Ethics Quiz: The Candies’ Foundation and Bristol Palin

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The Candie’s Foundation is a non-profit organization that, according to its website,

“…works to shape the way youth in America think about teen pregnancy and parenthood. We are an operating foundation rather than a grant-making foundation. The foundation develops and runs communication campaigns to raise awareness about, and motivate teens to prevent, teen pregnancy.”

The main source of its message to teens right now is that “Dancing With The Stars” icon, Bristol Palin. Palin, now 20, qualified herself for the assignment of speaking to teens about the importance of avoiding getting pregnant by getting pregnant when she was 16, and doing it center stage, while her mother was the Governor of Alaska. Thus using her position in Alaska’s first family to add prestige to the role of unwed teenage mother in that state, Bristol went on to national prominence as Sarah Palin campaigned for Vice President on the GOP ticket, with Bristol demonstrating during and after that jaunt that marrying the father of your child might not be such a good idea either, since he might be, as in the case of Bristol’s short-term fiancee, Levi Johnston, an immature, selfish, publicity-seeking dimwit.

Having done maximum damage to everyone but herself by becoming pregnant (with significant help from Levi, naturally), unwed mother Bristol Palin parlayed her own irresponsible behavior into the job of spokeswoman for The Candie’s Foundation. Well, her mother, I think it is fair to say, did the parlaying. It never hurts to help a prominent and rising cult political figure’s wayward offspring. Who knows when you might need a favor…or have an unemployable offspring of your own?

Bristol goes around the country talking with students and other teenagers, reminding them that they are too young to have kids, and that they should wait because it will screw up their lives. Of course, all of these teenagers know that the unwed, former teen mother telling them this has absolutely no credibility, and in fact represents the much more optimistic ( and completely unrealistic for anyone whose family isn’t rich and/or famous) position  that you can have a baby in your teens, get on lots of magazine covers, have your mother get you a job traveling around the country talking about it while someone else takes care of the baby, and become a celebrity in the bargain. Neat-o!

In other words, she’s as effective an advocate for avoiding teenage pregnancy as Kate Gosselin would be for having fewer children. Never mind, though; tax documents show Bristol Palin earned more than $262,000 from The Candie’s Foundation for teen pregnancy prevention in 2009.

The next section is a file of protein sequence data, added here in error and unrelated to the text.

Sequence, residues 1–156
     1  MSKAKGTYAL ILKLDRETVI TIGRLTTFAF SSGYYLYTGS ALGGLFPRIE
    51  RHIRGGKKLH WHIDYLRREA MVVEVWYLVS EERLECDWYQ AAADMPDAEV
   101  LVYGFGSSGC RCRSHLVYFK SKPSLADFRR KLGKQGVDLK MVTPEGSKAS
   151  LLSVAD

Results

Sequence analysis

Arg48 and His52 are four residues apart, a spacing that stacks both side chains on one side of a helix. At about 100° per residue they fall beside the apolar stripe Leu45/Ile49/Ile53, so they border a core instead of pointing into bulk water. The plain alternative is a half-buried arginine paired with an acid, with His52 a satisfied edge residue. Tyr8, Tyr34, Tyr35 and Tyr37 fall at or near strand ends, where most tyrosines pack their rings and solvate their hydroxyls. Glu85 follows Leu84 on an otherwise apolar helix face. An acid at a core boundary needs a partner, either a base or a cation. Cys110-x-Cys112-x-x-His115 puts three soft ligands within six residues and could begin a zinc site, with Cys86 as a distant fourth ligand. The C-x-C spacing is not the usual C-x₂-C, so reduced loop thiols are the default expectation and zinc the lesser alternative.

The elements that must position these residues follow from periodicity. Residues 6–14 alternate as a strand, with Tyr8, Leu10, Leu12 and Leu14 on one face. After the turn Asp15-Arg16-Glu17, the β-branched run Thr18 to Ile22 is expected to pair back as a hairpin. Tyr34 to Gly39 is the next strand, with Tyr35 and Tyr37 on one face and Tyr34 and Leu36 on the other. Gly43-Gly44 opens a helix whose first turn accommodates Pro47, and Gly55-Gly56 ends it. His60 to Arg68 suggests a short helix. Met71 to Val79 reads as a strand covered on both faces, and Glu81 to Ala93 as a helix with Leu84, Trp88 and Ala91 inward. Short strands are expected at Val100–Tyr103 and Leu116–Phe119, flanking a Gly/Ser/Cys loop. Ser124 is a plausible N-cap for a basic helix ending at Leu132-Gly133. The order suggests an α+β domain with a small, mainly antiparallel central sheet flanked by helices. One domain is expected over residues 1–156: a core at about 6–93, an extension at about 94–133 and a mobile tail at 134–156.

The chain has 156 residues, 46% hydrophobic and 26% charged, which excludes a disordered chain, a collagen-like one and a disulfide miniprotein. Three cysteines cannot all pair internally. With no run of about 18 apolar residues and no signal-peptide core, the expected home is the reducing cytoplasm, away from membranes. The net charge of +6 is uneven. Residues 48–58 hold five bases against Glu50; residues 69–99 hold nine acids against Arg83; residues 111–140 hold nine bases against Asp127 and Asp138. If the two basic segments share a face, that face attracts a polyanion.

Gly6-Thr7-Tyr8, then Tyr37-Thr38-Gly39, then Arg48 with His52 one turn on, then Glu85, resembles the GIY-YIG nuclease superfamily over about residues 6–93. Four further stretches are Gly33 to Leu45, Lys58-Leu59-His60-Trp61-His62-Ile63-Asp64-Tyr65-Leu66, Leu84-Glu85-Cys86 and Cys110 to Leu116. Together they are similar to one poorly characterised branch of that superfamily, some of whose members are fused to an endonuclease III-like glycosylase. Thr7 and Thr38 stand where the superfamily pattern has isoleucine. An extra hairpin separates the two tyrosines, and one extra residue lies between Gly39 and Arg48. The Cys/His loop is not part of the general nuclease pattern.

As for the Foundation, what its real objective is seems murky. The organization gives a pittance to actual teen pregnancy programs, but using that as a standard for evaluation, as the hard Left website ThinkProgress wants to do, is deceptive (or ignorant). There are grant-making foundations that give money to the programs run by other groups, and operating foundations, which do their own programs. Criticizing an operating foundation like The Candie’s Foundation for not making grants is like criticizing Baskin Robbins for not selling enough hamburgers. Still, the way the Foundation spends its money seems peculiar, to say the least. The Candie’s founder is Neil Cole,  Chairman of the Board, President and Chief Executive Officer of Iconix Brand Group, Inc., which he launched in 1993. His company sells teen fashions, which means that Bristol is talking to the market for the company that funds her travels through The Candie’s Foundation.  As a result, many believe that the foundation is really a PR front.

Mr. Cole has a history of not exactly making his real purposes known. In April 2003, without admitting or denying the SEC’s charges , he consented to the entry by the SEC of an administrative order in which Cole agreed “to cease and desist from violating or causing any violations or future violation of certain books and records and periodic reporting provisions and the anti-fraud provisions of the Securities Exchange Act of 1934.” He also paid a $75,000 civil monetary fine.

With that background, here is your Ethics Quiz for today, a multiple choice:

Question: How would you characterize The Candie’s Foundation paying Bristol Palin $262,000 (not counting expenses) to travel around the country speaking to teens about the perils of teen pregnancy?

Answers:

A. Irresponsible: As someone who has turned her unwed motherhood into a lucrative career, celebrity status and reality show stardom, Palin is a terrible choice to deliver that message.

B. Corrupt: This has to be some kind of political deal with Sarah Palin. Otherwise it makes no sense.

C. Trustworthy: Bristol’s message is an important one, and the Foundation is doing vital work through her efforts.

D. Deceptive: This a clever brand marketing campaign for the clothing manufacturer, using the non-profit status of a foundation to get a tax break for a marketing and public relations effort.

E. Incompetent: The Foundation is sincere, but stupid. It is wasting its money.